“I’m changing,” I realized the other day as I was working on blog posts. I finally understood that the quality of my posts increased proportionally to how close to the outside world I was. I used to write all of my posts cooped up in my room, the only hint of natural light being the sunbeams that filtered through the two windows near my desk. But soon after, I realized I was losing a bit of inspiration; the words were flowing less like a river and more like molasses. I decided a change of venue was in order, so I moved to one of the top floors of my university’s library. There, a large window allowed me to see the entire campus with an eagle eye, and I felt like I was so close to the outside word that I could touch it. I was content there, but then I finished the program. Where would I write now, now that the library is 50 miles away and no longer a viable option?
Realization then struck while I was out running some trails. If I was so close to nature I could touch it… why not actually touch it? I found another thing happening to me, this time much more subtle. I’m far more interested in pen-to-paper contact than ever before. I found myself writing my outlines in a long-abandoned journal before transcribing them into WordPress posts, including for this very blog post you’re reading now. Perhaps I’m becoming old-fashion, and that’s always a possibility. I’ve long since been tired of people proving themselves right by spouting “Google it!” Or perhaps I’m actually, for the first time ever, really writing. Regardless, here are five reasons you need to be writing outside.
1. You’re in a less sterile environment.
Now, normally sterilization is a good thing. It keeps the germs away and keeps people safe, if not a little bored. But it’s hard to go crazy surrounded by four walls, and when it comes to writing, a little craziness doesn’t hurt. Most of your inspiration when you’re outside comes from your eyes. A trail leading to the unknown on your left brings three-dimensional thinking due to the endless creative possibilities. The bird landing in the tree to your right inspires an important plot element in the short story you’re crafting. You see, when you introduce chaos into the mix, you go from being in a controlled laboratory setting to being in real life itself. Realism in writing is more than a simulation. It’s experience, which can only come from putting yourself out there.
2. You’re fortunate that it’s easier now than ever before.
What I mean by “easier” is that you have numerous options. Whether or not that translates to superior work is up for debate. In the old days, before my generation became the first to really be able to take advantage of ideal mobile computing, the only option people had was to go outside with a notebook or journal and write down everything they thought of. But now, walk around any college campus and you’ll find more Apples than an orchard. And the one I use to type my blogs, a 13-inch MacBook Air, has a battery life of around ten hours. Combine that with the overwhelming presence of wi-fi and, oh gosh, smartphones, and you’re carrying around on your hike more technology than the entirety of Johnson Space Center when they launched the Apollo missions.
Basically, that counts for a lot, as you can easily do all of your writing, editing, and publishing (with a few tweets mixed in for good measure) without ever setting foot inside a building.
3. You’ll find the outdoor air is stimulating and good for your health.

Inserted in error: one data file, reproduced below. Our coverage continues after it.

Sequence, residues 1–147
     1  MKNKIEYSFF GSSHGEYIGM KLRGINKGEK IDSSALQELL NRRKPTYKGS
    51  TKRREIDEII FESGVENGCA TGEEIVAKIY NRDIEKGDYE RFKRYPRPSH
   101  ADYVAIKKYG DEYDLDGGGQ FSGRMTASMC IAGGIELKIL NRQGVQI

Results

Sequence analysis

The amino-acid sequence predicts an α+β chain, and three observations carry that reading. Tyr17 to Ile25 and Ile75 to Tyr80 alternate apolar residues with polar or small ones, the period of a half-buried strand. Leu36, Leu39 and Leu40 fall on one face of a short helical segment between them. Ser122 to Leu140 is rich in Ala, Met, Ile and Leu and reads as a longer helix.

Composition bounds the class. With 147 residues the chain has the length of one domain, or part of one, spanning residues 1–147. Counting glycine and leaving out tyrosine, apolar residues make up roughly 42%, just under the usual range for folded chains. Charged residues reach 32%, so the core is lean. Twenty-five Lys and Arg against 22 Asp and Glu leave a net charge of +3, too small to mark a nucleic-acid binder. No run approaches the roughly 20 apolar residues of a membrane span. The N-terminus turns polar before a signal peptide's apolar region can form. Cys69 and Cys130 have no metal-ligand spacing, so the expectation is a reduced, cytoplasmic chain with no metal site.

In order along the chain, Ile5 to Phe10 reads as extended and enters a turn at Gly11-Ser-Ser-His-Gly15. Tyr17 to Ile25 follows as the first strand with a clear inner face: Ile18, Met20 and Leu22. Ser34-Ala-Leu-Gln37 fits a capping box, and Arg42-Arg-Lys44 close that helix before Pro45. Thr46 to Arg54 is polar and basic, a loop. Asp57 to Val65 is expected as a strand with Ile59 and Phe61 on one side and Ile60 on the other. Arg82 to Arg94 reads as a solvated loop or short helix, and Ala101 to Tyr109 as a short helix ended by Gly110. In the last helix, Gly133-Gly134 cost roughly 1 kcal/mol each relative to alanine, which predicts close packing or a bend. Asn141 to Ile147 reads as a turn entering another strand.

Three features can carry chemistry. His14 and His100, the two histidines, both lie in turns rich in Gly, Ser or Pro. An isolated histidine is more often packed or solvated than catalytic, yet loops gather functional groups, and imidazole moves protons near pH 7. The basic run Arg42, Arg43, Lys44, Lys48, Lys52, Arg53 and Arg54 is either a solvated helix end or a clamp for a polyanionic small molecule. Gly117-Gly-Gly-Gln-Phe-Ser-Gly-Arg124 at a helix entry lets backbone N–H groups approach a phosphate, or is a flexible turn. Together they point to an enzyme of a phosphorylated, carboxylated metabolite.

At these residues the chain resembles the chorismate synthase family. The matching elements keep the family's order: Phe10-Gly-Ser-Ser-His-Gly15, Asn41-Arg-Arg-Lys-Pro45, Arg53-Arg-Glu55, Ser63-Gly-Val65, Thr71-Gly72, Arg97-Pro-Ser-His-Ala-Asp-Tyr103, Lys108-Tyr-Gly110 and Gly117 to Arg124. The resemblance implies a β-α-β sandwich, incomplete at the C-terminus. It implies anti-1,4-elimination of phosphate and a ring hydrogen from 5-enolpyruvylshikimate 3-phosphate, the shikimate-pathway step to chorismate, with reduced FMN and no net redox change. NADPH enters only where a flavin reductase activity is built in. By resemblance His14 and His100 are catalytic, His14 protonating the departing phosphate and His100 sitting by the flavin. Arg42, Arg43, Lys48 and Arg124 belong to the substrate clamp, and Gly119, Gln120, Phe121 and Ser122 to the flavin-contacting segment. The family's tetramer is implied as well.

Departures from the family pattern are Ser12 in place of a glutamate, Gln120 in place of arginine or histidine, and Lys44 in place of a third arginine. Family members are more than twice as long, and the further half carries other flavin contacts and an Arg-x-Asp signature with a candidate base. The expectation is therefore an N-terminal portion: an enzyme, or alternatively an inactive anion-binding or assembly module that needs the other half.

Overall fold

I don’t have any qualms with indoor activities. You’ll never see me spouting doomsday prophecies about video games and texting being the detriment of society. In fact, I argue that society is more educated today than ever before. Besides, I could not live without my daily video game fix. But I still go outside (sometimes to play video games on a handheld, strangely). Consider this Harvard newsletter article, which coincidently also takes the form of a five-point list. It lists the numerous advantages of spending time outdoors, including faster healing and less environmental depression.
“But it’s hot,” you say. Perhaps, but I suggest wearing bright colored clothing, finding a shady tree, and bringing the biggest refillable bottle of water you can find. Oh, and bring sunscreen if you scald like I do. Alternately, do your writing during my favorite time of the day, early evening. The temperature drops and you can write the stories of your life to some wicked sunsets.
4. You’re one step closer to new experiences.
Sometimes when you write outside, you’ll find yourself wanting to put your computer away and just live. This world we’ve been given, despite it seeming so small sometimes when we’re in our little boxes, is filled with wonder. Suddenly it seems conceivable to hike, swim, or even just lay in the grass and look at clouds. You write about it later, but at the moment it’s important to just live. The mini-vacation you get from simply letting life take hold will make your blog post, article, essay, journal entry, or whatever you’re writing ten times better.
5. You no longer need background music.
I have chronic tinnitus. If you don’t know, that means I have a constant ringing in my ears. I honestly haven’t experienced complete silence in probably a decade. For me, the only way to fight it is to always be listening to something else, be it music or ocean sounds or white noise. I used to think that was a curse, but now I’m not so sure. When I’m inside working with a computer, I’ll always have headphones on listing to my ambient or chill music. I find, though, that when I’m outside, writing a story or running the trails, that I no longer need the familiar hug of my headphones to my ears. The sounds of the birds chirping or the frogs croaking or the cicadas, um, making whatever sound cicadas make are my life’s soundtrack. It’s one long organic song, never to be duplicated in a thousand years.